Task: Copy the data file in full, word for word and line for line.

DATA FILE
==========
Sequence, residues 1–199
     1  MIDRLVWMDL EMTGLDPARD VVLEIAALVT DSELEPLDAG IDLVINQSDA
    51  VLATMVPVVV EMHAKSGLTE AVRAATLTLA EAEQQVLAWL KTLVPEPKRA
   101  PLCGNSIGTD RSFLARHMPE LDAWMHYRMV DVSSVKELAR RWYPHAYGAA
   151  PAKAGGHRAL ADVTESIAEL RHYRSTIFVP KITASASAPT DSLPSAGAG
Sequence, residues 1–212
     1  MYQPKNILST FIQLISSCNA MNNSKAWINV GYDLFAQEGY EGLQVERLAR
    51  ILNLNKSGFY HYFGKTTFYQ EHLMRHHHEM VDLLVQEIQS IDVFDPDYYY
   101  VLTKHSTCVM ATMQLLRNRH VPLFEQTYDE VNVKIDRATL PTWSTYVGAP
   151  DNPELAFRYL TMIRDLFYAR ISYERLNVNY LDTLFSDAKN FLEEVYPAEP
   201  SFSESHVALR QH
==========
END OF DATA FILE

Sequence, residues 1–199
     1  MIDRLVWMDL EMTGLDPARD VVLEIAALVT DSELEPLDAG IDLVINQSDA
    51  VLATMVPVVV EMHAKSGLTE AVRAATLTLA EAEQQVLAWL KTLVPEPKRA
   101  PLCGNSIGTD RSFLARHMPE LDAWMHYRMV DVSSVKELAR RWYPHAYGAA
   151  PAKAGGHRAL ADVTESIAEL RHYRSTIFVP KITASASAPT DSLPSAGAG
Sequence, residues 1–212
     1  MYQPKNILST FIQLISSCNA MNNSKAWINV GYDLFAQEGY EGLQVERLAR
    51  ILNLNKSGFY HYFGKTTFYQ EHLMRHHHEM VDLLVQEIQS IDVFDPDYYY
   101  VLTKHSTCVM ATMQLLRNRH VPLFEQTYDE VNVKIDRATL PTWSTYVGAP
   151  DNPELAFRYL TMIRDLFYAR ISYERLNVNY LDTLFSDAKN FLEEVYPAEP
   201  SFSESHVALR QH